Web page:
Wednesday, 9 September 2015

A Studio lithograph on ebay: John Dickson Batten's 'The tiger'


                                                                                       

John Dickson Batten is having his day. Within only days of two postings about him (on Modern Printmakers and on The Linosaurus) here we have another Studio lithograph of one of his prints, this time his first original print called The tiger. I hasten to add that what you see above is an original proof owned by the British Museum and donated by Batten himself in 1920. Below is the lithograph that has just been passed over on British ebay. (It was up at the OK price of £3.50). But no doubt you can tell the difference.
                                                                                

First the story. Batten worked with Frank Morley Fletcher on two colour woodcuts then made this print in Fletcher's first class at the Central School of Arts and Crafts 1897/1898. I don't know whether Batten ever said in print why he allowed lithographs to made of his early prints. He did say that what he wanted to with colour woodcut was to avoid mechanical means of reproduction and I assume the reason behind The Studio publishing images of both Eve and the serpent and The tiger was to gain extra publicity for the whole colour woodcut project and not to pass them off as original prints. They are reproductions and nothing like the lithographs being produced by Charles Ricketts and Charles Shannon at the time.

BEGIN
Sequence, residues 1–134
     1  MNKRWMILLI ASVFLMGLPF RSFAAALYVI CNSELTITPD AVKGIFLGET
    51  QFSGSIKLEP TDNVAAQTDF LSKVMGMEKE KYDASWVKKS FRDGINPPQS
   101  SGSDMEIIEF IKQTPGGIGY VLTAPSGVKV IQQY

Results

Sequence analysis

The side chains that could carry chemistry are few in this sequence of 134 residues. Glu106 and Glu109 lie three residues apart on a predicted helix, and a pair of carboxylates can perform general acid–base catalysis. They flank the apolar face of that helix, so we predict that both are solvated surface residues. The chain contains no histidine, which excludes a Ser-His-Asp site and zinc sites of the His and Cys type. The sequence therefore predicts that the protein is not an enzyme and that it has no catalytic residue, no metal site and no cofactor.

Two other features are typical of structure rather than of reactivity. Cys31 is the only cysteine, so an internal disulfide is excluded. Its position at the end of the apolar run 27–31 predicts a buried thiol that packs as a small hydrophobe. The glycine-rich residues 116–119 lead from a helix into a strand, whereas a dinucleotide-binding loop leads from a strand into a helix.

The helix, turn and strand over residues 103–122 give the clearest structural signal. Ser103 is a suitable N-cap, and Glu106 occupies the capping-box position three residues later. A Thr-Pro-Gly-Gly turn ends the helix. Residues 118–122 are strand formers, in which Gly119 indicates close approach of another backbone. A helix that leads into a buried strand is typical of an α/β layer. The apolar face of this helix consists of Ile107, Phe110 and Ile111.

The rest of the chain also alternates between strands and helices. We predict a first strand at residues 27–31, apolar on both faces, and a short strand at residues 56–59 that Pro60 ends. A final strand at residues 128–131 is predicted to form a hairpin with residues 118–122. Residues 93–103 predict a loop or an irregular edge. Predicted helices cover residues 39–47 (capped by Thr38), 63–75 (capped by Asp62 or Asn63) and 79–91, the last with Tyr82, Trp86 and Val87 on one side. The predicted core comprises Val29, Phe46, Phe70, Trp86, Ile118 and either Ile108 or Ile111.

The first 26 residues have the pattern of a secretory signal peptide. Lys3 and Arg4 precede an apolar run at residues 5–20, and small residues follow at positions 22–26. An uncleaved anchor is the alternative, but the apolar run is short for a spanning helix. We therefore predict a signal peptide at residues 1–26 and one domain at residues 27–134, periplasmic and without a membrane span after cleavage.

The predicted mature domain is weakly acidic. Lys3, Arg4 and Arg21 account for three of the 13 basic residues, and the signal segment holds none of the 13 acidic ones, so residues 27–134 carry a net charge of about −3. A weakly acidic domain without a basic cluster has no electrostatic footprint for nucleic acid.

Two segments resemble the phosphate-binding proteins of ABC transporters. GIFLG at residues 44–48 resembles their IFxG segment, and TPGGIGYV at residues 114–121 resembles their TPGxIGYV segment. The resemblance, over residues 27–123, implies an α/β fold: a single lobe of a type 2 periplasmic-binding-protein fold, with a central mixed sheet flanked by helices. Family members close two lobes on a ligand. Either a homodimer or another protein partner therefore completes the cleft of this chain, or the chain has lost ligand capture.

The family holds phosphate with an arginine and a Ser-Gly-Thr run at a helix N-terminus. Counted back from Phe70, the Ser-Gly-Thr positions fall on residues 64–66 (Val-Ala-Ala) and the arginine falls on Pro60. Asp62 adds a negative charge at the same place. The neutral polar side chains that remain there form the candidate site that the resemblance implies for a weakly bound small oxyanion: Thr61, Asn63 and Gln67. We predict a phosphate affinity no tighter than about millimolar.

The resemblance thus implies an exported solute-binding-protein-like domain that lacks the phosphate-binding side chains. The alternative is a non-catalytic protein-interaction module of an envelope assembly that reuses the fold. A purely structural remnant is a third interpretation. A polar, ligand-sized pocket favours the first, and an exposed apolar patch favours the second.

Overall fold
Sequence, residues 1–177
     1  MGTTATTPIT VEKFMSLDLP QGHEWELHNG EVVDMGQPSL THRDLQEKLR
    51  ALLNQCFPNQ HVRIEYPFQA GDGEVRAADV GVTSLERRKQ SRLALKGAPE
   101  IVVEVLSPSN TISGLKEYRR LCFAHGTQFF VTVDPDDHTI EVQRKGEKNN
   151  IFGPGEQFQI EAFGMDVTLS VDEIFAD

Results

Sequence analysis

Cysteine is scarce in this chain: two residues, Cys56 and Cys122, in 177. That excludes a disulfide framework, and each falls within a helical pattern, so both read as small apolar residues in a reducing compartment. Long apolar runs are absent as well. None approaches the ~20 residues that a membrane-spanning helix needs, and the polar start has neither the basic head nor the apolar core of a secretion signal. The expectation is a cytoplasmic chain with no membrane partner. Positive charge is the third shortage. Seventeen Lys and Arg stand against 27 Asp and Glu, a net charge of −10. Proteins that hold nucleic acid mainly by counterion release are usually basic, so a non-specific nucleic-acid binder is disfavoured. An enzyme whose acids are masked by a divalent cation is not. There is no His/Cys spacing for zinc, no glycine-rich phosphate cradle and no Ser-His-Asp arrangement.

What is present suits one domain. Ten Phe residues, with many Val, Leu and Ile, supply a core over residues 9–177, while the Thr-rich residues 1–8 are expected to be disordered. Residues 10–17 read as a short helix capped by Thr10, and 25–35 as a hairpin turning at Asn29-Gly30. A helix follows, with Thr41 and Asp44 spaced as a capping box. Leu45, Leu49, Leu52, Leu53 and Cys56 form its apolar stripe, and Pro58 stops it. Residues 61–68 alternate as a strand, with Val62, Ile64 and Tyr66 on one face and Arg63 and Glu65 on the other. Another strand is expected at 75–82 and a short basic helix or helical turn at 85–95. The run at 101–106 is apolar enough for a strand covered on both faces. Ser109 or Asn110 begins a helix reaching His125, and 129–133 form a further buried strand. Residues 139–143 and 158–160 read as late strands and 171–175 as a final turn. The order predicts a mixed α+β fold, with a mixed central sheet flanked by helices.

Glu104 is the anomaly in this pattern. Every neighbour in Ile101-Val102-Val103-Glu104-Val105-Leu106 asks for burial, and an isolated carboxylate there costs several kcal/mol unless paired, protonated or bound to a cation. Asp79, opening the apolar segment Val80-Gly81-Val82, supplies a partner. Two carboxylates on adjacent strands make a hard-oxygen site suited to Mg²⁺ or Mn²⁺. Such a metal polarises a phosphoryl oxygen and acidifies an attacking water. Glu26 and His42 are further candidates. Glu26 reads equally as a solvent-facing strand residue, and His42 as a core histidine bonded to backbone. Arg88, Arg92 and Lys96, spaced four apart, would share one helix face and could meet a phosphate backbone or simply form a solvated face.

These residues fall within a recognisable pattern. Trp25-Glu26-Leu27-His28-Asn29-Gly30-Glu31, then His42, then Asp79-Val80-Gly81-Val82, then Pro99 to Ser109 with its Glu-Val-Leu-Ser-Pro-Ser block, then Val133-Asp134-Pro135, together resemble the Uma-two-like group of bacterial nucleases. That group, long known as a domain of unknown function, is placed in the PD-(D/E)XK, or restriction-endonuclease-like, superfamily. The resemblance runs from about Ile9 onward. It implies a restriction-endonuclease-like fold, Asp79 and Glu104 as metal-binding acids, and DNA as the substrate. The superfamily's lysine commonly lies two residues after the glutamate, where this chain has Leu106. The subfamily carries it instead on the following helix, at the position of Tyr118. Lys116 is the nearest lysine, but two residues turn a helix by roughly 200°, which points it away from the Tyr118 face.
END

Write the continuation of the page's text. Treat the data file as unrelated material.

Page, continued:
Would I buy one? No I would not. I did once buy a lithographic reproduction of a watercolour by Arthur Rigden Read on ebay and I treasure it because it is a fine example of the technique of lithography by Read's fellow students and adds a good deal to the little I knew about Read's early career but I paid only a few pounds for it. And it's what ebay can do well - allowing people to exercise their eye and to make use of what they know to pick up something interesting for a few quid. Going on about what some Studio lithograph might be worth takes the excitement out of everything.

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